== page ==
Replicode is a language designed to encode parallel programs and executable models, and is centered on the notions of extensive pattern-matching. The language is domain-independent and has been designed to build systems that are model-based and model-driven, as production systems that can modify their own code. More over, Replicode supports the distribution of knowledge and computation across clusters of computing nodes.
Replicode is a fully-fledged programming language. It is based on production system principles - dynamic code production - makes extensive use of pattern-matching, and provides strong support for handling of time. Patterns target arbitrarily complex time series of objects; patterns can be matched by any code in a given system, and at any depth in any objects’ structure. Replicode supports the distribution of computation across clusters of computing nodes.
The language was created as part of the HUMANOBS project to specifically address one or more of the following shortcomings of all existing programming languages:
One of the key principles behind the design of Replicode is the need for a system to model the temporal aspects of its own behavior, down to a fine level of granularity. The language provides a new foundation for all work aiming at autonomous artificial intelligence, self-expanding architectures, symbolic learning, and various other cognitive computation for real-world AI. It is also highly relevant to the simulation of complex dynamic systems, e.g. societies, biological processes, ecosystems, etc. The language is domain-independent and has been designed for easily encoding systems that are model-based and model-driven, using its own distributed reasoning system and mechanisms. The HUMANOBS Consortium members are using it to develop a new cognitive architecture that can learn complex behaviors by observation.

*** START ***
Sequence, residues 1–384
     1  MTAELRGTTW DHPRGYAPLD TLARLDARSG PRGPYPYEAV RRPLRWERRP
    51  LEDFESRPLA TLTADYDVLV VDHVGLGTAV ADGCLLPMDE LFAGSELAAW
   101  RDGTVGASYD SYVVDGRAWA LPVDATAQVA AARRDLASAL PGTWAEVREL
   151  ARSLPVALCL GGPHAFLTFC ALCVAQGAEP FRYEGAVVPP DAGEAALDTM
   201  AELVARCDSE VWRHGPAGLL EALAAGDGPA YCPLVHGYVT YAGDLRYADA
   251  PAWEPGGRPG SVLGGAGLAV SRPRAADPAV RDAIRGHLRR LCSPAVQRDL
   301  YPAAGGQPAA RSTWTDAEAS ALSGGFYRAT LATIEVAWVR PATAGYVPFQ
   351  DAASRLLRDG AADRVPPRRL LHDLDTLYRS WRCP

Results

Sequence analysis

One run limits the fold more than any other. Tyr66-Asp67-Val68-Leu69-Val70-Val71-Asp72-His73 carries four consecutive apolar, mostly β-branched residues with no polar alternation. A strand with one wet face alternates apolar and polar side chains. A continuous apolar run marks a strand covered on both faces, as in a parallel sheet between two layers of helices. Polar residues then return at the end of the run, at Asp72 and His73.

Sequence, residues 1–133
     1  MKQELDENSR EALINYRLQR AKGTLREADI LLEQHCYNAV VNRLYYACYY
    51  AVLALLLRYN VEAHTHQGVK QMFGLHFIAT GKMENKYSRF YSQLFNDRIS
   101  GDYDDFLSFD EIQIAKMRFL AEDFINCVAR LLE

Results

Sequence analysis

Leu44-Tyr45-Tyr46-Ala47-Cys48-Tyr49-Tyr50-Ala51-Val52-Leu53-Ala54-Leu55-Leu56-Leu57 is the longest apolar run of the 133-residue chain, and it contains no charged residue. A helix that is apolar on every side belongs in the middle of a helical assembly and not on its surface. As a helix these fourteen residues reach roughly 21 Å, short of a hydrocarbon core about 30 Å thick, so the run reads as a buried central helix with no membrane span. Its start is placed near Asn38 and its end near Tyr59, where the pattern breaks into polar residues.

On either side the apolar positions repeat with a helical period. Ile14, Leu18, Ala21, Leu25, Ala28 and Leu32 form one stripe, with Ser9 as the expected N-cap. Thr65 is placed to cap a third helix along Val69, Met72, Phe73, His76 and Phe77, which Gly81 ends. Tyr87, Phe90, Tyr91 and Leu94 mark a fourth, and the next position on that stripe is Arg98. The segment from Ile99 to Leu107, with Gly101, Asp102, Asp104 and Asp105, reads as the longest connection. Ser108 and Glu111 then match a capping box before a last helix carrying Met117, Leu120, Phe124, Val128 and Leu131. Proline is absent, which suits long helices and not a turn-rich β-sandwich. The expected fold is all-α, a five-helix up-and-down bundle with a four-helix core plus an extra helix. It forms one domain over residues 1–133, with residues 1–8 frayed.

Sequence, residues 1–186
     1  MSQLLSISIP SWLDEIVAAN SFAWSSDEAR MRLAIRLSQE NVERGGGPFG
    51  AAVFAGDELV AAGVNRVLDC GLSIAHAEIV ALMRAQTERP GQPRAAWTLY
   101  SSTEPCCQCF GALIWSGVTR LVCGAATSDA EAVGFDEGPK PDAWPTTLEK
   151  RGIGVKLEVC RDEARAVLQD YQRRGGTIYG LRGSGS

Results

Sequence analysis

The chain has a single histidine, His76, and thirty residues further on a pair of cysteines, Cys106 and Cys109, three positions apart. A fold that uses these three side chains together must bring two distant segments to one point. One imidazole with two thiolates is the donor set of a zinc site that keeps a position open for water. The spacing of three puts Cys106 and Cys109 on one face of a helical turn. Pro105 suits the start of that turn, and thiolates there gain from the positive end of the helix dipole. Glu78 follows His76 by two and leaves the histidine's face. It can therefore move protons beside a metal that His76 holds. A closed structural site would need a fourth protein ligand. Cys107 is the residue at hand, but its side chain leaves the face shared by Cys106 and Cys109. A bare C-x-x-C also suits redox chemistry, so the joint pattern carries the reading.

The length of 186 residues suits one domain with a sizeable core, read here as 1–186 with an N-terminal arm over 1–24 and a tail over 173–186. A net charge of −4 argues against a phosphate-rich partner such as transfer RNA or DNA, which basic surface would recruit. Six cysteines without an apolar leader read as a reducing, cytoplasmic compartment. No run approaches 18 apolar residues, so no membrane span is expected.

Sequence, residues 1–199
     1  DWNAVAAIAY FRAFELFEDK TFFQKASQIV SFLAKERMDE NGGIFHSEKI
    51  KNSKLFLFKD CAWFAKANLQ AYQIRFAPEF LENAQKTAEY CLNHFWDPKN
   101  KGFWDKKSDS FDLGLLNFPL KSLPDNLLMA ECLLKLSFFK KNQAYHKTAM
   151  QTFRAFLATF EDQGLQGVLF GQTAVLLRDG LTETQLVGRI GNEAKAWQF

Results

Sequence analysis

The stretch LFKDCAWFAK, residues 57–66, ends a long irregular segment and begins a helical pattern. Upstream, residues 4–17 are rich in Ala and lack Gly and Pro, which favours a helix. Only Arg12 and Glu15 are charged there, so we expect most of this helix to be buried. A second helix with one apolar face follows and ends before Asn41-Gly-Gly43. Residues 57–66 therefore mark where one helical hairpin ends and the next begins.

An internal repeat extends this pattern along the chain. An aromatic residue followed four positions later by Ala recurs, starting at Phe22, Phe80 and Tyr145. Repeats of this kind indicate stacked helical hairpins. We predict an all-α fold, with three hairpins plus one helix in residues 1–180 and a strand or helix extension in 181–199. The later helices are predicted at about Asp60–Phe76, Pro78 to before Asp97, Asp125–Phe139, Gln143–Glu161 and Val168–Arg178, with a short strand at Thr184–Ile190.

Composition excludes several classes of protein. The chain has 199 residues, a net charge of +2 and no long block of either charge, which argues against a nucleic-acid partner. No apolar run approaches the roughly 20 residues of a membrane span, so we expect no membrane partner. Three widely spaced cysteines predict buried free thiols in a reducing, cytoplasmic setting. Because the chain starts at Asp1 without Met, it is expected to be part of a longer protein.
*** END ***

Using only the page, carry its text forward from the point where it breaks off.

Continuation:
* Replicode at a glance
* Downloading and compiling the Replicode source code
* Getting started
* Hello World example explained step by step
* Concepts, commands and syntax are explained as they occur
* How to interpret the output
* Ping Pong example explained step by step
* Focus on interaction of programs
* An example of dynamic code production (creating new program templates at run-time) is analyzed
* Markers are introduced
Tutorial 4: Forward/Backward chaining
* An example of forward/backward chaining